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The global emergency of hunger

Freedom from hunger, as set out in international human rights instruments, is a fundamental right, but it is one of the most extensively violated rights. Taking into account the fundamental ethical commitment of FAO to ensure humanity’s freedom from hunger and the access of everyone to adequate food, the Panel expresses its deep concern over the global emergency of hunger. The world today is richer than at any earlier time in human history in terms of global productive output, and more possibilities exist now than at any earlier stage in the past; yet devastating inequality continues to cause massive hunger in many parts of the world.

More than five years after the World Food Summit held in Rome in 1996, the commitments made then have not been matched by effective action. While important progress has been made in China and a few other countries, in many other parts of the world the lack of access to sufficient food is as serious now as before, and in some regions it has become even worse than it was in 1996. There is cause for serious concern that hunger and malnutrition persist at nearly the same level as in 1996. There are at least 777 million chronically undernourished individuals in the developing world, including 180 million children under the age of five. Undernourishment among children could even worsen.

Without rapid progress towards eradicating hunger, global political and economic stability, together with the natural resources upon which future world food supplies depend, will continue to be threatened. Hunger creates or sustains a climate for recruitment to violent conflicts and local wars, violent acts of desperation and terrorist acts. Without effective access to adequate food and to constructive engagement in development, many people fall into despondency or become easy prey for violent movements. The existence of hunger and malnutrition is in clear conflict with the visions underlying the world order that it was hoped would be established after the Second World War with human rights and with human development. Evidence also clearly shows that in societies where hunger is widespread, sustainable economic growth is impossible to achieve.

The Panel considers it an ethical imperative that this global emergency be urgently and fully addressed. Undernourishment and starvation in a world of plenty should be considered as no less serious than blatant violation of any other human right. The panel holds that hunger can be eliminated altogether if there is the necessary will and commitment by governments for responsible national action and international cooperation, provided there is appropriate use of the global resources now available.

The Panel recognizes that the causes of hunger are multidimensional and that the obstacles to overcoming hunger are numerous. Elimination of hunger will therefore require action on many levels, including massive and comprehensive efforts to combat diseases such as malaria and HIV/AIDS, the prevention or resolution of devastating local conflicts in developing countries, socially responsible management of economic policies, the elimination of discrimination and exclusion and the empowerment of those who have been barred in the past from effective economic participation. Part of the problem is that many poor women in developing countries are denied effective reproductive rights. Being unable themselves to ensure responsible child spacing, these women have to share their limited time between frequent pregnancies, unsatisfactorily caring for their many children, struggling to feed the rest of the family, and trying to earn some kind of income in whatever way possible, be it tilling the land, petty commerce or other activities. The result is not only overpopulation, but also many malnourished children, who are unable to cope in educational institutions and are therefore likely to end up in the same poverty as their mothers. This situation is exacerbated by the lack of equal access to education and economic opportunity for women.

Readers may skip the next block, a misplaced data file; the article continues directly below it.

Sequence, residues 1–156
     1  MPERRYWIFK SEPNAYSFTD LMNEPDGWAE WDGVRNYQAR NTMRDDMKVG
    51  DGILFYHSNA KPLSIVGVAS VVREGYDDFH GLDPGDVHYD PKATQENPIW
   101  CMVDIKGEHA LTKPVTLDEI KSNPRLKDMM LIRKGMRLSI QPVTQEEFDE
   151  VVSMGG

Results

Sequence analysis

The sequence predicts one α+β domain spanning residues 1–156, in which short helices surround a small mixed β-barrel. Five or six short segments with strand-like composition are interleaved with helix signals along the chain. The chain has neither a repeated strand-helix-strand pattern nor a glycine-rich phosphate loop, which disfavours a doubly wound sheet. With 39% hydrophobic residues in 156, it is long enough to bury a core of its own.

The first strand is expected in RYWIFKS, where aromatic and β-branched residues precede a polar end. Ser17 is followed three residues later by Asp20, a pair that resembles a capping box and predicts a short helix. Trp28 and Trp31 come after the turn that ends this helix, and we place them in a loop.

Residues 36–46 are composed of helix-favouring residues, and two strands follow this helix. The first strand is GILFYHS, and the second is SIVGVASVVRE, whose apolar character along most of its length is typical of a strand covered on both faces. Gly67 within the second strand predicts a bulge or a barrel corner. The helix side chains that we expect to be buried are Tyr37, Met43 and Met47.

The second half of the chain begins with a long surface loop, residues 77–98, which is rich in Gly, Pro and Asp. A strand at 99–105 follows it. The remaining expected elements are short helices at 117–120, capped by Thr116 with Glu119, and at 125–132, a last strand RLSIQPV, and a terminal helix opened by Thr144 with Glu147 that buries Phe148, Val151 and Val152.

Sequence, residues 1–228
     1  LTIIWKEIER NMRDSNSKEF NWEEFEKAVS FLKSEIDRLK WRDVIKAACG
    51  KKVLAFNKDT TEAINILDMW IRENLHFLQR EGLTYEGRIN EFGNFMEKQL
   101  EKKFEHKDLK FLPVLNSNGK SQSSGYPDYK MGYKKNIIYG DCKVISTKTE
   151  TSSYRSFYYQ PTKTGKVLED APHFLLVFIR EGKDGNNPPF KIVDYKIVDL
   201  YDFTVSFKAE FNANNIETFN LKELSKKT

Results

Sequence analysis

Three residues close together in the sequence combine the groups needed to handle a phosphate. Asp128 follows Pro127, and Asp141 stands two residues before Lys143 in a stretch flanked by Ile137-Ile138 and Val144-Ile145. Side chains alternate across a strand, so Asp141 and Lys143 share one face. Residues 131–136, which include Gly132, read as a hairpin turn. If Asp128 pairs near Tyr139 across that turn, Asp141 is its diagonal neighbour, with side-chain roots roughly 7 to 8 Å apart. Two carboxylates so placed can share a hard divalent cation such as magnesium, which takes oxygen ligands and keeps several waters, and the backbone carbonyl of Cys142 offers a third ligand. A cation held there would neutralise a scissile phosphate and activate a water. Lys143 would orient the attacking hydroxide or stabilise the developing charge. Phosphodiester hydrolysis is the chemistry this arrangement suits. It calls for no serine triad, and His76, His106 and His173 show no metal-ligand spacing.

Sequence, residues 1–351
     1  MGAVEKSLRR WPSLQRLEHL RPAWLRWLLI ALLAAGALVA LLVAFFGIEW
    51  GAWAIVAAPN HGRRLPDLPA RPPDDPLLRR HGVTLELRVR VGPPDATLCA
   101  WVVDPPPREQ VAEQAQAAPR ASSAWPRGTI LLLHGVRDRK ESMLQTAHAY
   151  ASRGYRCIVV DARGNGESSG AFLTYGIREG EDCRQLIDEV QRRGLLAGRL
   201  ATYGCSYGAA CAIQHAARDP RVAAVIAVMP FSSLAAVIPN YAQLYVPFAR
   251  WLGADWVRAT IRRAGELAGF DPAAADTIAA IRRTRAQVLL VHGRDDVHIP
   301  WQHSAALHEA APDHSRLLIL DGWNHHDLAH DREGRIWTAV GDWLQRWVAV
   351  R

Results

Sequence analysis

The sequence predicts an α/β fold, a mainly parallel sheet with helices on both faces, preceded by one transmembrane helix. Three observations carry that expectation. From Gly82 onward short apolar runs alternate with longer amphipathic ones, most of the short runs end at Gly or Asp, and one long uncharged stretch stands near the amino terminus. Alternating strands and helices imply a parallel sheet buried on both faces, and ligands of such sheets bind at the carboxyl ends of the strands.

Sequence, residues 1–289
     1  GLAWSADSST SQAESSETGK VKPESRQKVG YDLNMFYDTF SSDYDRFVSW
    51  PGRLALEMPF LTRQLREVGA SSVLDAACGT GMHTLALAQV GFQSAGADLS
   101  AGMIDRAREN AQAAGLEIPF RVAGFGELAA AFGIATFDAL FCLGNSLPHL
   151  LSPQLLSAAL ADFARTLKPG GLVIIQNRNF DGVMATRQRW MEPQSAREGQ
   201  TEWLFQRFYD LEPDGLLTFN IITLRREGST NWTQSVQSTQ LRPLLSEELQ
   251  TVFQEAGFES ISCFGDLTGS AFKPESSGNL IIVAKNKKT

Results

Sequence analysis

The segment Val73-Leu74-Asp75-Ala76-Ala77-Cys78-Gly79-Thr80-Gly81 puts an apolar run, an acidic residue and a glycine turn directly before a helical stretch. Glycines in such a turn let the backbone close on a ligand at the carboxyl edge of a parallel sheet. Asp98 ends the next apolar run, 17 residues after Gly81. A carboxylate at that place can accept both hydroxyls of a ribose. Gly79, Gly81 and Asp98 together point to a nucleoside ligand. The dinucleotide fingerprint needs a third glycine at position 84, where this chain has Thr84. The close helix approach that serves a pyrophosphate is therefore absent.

It is essential to ensure that the concern with freedom from hunger be taken into account in contemporary policies and decisions in all fields concerning food and agriculture, keeping in mind that freedom from hunger is not only a vague future ideal but also a procedural requirement in contemporary daily life. Although every individual and organ of society in a particular area of activity must be considered morally bound not to cause hunger for others, the formal and legal responsibility rests on states, which must ensure, through regulation and administration, that freedom from hunger be taken into consideration in food and agricultural policies within their territory. The regulatory policies of some states are deficient in this area, thereby endangering food security for vulnerable groups and resulting in a less than optimal reduction in the overall number of hungry people.

States cannot manage such responsibilities solely on their own. Lack of resources or actions taken by another state may negatively affect a state’s ability to ensure freedom from hunger within its territory. Collaboration between developing and developed countries should in large part be channelled or coordinated through the multilateral system, in which the different United Nations agencies will have to take the lead within their respective areas of competence: FAO, IFAD and the WFP for access to food; WHO for the reduction and elimination of malaria, HIV/AIDs and other diseases; and UNESCO for education, by promoting full and equal access to education for all, and in particular women everywhere.

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